5. Lone Rangers Are Dead Rangers.

That first major run-in with anxiety couldn’t have come at a worse time. My wife and I were still fairly new to Pasadena. We had virtually no close friends in the area. Even though I was attending Seminary, we didn’t really have a church home. We went to church most Sundays, but often different ones. We figured there wasn’t much point in settling down in a church since we weren’t going to be in the area for long. In some ways, we felt the same about making close friends. What was the point?

Big mistake.

When I started to experience “symptoms” the only person I could talk to was my wife, Grace. She was supportive—and scared. She was only 22 and couldn’t quite figure out what was going on with this previously solid-seeming guy she’d married.

Meanwhile, our family and best friends were thousands of miles away. And even though they were supportive, (my poor parents fielded multiple 3 a.m. phone calls from me when I couldn’t sleep), they weren’t there. What I really needed was a community to swarm me. At times like this, a loving community provides help, advice, perspective—all of which were in short supply at the time.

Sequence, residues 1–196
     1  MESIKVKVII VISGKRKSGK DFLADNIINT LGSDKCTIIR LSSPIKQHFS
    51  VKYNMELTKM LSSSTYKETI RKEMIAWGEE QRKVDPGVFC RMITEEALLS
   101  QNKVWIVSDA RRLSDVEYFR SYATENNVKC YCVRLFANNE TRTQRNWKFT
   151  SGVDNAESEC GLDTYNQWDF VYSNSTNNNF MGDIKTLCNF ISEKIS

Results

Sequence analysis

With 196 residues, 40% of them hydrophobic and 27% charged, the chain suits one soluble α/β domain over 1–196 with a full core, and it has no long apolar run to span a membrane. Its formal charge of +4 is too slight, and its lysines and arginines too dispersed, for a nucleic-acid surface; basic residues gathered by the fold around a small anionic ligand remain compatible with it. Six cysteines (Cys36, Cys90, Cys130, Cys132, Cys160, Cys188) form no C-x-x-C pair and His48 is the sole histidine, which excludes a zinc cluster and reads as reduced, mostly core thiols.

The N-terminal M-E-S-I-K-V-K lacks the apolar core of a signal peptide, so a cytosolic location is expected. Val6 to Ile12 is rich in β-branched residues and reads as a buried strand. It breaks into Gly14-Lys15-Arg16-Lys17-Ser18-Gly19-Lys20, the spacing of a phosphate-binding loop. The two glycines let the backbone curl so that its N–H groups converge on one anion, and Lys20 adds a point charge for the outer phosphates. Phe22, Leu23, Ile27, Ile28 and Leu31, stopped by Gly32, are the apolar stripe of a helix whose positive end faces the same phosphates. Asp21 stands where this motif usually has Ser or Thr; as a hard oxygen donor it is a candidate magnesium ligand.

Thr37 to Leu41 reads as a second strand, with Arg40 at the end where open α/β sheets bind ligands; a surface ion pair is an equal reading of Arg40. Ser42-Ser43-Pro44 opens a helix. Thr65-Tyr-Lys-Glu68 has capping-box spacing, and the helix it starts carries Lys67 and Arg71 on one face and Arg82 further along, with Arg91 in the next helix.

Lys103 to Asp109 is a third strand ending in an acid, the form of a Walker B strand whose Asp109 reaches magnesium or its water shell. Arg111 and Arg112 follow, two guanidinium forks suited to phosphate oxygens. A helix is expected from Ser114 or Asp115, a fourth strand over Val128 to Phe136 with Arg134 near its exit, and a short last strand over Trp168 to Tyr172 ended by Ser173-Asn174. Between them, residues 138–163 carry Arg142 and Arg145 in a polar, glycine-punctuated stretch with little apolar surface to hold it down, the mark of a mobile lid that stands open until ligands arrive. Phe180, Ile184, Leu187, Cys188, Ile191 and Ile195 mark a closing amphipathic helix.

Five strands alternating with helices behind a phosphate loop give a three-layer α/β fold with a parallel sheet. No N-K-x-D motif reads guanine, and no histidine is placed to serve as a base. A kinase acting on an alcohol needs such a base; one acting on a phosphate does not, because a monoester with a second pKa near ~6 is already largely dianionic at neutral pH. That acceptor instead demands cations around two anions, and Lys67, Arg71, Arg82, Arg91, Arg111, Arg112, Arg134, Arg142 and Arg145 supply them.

It was my own fault of course. Even when I realized I was in bad shape, my instinct was to close off from others and fix it myself. But these things thrive in the shadows and I would have benefited tremendously from the presence of others.

God put us in community for a reason. We aren’t designed to navigate life on our own. That may be doubly true for those of us who struggle with depression and anxiety. The worst thing we can do is do battle alone.

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We’ll be left with a church of upstream swimmers, people who cling to their faith identity despite a powerful counter current of anti-Christian sentiment.

For one brief moment last May evangelicals and atheists celebrated the same thing. What had these disparate groups clapping in unison? The Pew Research Center’s report on “America’s Changing Religious Landscape.”

Atheists trumpeted the continuing rise of the “nones,” those who affiliate with no religion. The study showed that, in the space of seven years, the number of unaffiliated had jumped from 16.1 to 22.8 percent of the population.

Read the Rest at

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Ryan Huguley and I discuss how young writers can get better, some challenges facing the evangelical church at large, and the consequences of taming God. Listen here!

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The Reflex of Worship